[​IMG]

    I had a nice piece of bog oak that came from Flag Fen (About 3000 years old.) and I made a collar from antler.

    [​IMG] [​IMG]

    The little slide on the retaining thong was inspired by the traditional lasso loops used by the Saami and the sheath was made from half tanned leather for toughness.
     
    #9 Wayland, Dec 10, 2010
    Last edited: Dec 10, 2010
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  10. sasquatch

    sasquatch Bushcrafter (boy, I've got a lot to say!)

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    I made my own for leatherwork but have to admit it's never even crossed my mind to carry it with me! I don't trust the ones on SAK's for much but they do work in a pinch. Maybe that's why I've never carried an awl. Nice little sheath Gary, like everything it just looks right with the rest of your kit.
     
  11. Tadpole

    Tadpole Full Member

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    I carry just the blade of a diamond awl, I've not used it yet, but I'm sure that should I need to, i'd be able to find a branch or lump of wood to make a handle from, i also carry a couple of needles (blunt and sharp) and some sinue in my wallet. For all the people who take the micky, I've helped half a dozen people with repairs, everything from a hire car seat that the stitching had pulled, to a woman whose strap had come off from her bag.
     
  12. forestwalker

    forestwalker Bushcrafter (boy, I've got a lot to say!)

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    I have large needles in my repair kit, and figure that in a pinch I can make a makeshift handle a awl (and sharpen the needle). Om longer trips I carry a sailmakers palm, for short trips I can use a piece of wood (selected to not be likely to split).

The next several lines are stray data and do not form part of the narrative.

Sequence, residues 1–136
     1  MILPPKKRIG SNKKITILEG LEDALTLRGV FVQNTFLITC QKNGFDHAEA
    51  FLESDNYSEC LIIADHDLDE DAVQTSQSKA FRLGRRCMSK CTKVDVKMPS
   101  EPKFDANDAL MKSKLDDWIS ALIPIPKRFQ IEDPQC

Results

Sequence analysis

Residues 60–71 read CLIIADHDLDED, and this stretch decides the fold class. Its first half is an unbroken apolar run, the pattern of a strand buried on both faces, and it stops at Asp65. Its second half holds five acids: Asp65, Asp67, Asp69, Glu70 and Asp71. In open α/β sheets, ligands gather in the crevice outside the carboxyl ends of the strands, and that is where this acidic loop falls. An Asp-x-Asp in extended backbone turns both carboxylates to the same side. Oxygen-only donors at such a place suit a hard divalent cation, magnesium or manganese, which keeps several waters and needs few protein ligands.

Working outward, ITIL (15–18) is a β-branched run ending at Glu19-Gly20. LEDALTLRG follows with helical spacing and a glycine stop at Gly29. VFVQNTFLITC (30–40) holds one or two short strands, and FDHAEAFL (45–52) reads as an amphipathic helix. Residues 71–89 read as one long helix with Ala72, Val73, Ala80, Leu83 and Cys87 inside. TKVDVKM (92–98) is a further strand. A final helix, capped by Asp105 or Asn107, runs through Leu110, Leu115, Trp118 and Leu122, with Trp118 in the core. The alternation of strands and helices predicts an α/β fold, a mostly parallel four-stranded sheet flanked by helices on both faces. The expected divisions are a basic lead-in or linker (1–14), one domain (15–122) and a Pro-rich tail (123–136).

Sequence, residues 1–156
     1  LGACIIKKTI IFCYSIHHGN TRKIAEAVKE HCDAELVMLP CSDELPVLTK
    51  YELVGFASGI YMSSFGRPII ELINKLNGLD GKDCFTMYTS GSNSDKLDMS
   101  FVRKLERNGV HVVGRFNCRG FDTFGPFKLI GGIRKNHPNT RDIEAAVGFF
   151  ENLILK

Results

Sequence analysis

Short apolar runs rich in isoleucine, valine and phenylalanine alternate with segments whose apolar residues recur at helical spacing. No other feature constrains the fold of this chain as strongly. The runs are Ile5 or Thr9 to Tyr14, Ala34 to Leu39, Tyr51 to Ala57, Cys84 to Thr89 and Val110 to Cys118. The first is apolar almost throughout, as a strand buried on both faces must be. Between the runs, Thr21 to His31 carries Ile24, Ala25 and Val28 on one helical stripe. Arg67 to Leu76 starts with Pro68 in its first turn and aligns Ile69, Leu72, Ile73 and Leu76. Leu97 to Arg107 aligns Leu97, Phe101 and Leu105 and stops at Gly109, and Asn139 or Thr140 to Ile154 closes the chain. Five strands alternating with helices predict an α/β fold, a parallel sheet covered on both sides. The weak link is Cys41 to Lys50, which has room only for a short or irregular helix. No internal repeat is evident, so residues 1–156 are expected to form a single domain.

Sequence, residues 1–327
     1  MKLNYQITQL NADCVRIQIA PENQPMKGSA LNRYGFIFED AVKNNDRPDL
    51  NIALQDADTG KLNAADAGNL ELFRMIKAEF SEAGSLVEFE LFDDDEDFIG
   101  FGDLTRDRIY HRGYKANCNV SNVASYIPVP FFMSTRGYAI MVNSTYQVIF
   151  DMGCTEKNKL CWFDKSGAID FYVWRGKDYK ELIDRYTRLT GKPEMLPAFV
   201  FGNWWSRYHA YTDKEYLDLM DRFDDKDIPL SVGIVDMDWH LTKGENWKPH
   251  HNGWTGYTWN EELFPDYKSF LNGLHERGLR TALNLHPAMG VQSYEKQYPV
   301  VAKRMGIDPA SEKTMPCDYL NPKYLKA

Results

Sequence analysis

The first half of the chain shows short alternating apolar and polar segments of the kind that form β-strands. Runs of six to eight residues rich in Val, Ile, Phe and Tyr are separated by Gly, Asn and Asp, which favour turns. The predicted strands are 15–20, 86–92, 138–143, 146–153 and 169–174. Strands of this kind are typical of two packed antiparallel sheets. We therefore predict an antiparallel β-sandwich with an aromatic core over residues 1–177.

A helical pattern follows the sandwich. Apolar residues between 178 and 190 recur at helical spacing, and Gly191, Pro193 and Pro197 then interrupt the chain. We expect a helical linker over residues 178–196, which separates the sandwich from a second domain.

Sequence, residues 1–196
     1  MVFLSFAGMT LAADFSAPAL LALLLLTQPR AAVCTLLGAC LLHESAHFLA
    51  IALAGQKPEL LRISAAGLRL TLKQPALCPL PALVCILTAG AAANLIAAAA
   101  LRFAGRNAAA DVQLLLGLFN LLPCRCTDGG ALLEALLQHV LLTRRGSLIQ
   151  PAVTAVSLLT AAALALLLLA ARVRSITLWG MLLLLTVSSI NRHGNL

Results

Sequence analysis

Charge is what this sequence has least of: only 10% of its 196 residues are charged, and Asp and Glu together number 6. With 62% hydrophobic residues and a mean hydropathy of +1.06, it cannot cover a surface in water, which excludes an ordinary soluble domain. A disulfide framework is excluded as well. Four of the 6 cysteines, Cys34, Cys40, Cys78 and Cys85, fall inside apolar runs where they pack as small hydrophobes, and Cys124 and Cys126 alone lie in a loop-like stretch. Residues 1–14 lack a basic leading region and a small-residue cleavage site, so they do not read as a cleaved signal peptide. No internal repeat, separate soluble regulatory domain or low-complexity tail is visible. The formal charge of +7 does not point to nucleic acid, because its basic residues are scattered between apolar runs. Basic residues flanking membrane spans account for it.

For a while RM sold awl blades based on a fur trade era design (the ones with the "bend" in te middle), and if I could get hold of one of those for a reasonable price I would buy and carry that; simple to make a makeshift handle, and when done just break the handle and store the awl for the next time. I wonder how hard the steel actually need to be, if one could grind one out of a large nail or thin rod. Would one even need to have heat treatable steel in an awl?
     
  13. JohnC

    JohnC Full Member

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    I've got an awl with this set, it goes in a sleeve in the sheath, it's proved useful with leather work and other projects, its a square section bit of steel off cut from a knife project in a horn handle..

    [​IMG]
     
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  14. tombear

    tombear Bushcrafter (boy, I've got a lot to say!)

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  15. Matt.S

    Matt.S Native

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    Uncle Ray sells them, but not for peanuts http://www.raymears.com/Bushcraft_Product/713-Stitching-Awl/
     
  16. steve a

    steve a Settler

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  17. tombear

    tombear Bushcrafter (boy, I've got a lot to say!)

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    Um, £3.60 from the US or £22 from Mr Mears? I think I may be giving my mate over the pond a grovelling calll.


    Yeh , I'd wanted some of Mikes awls but forgot to stick them on a order for 2 steels (he of course sent three) and within a few days of them arriving he was shockingly gone.

    ATB

    Tom
     
  18. Wayland

    Wayland Hárbarðr

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    Yes. A very sad loss... [​IMG]
     
  19. ged

    ged Bushcrafter (boy, I've got a lot to say!)

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    You're not alone. There's one on my Victorinox SwissTool which is as safe to carry as it gets, and another three or four in my various toolkits. It's one of the things I'd call essential on a multi-tool, along with pliers, a can opener and of course most importantly a saw. It gets used a lot, most often when I'm starting large screws I suppose. The Victorinox is always on my belt, and unless I'm in bed or playing sport I'm usually wearing my belt, like I am now.
     
  20. tombear

    tombear Bushcrafter (boy, I've got a lot to say!)

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    I've got 3 of the Crazy crow ones on the way for £15.90 total, I'll handle one with a bit of horn I have left for my possiblles bag.

    ATB

    Tom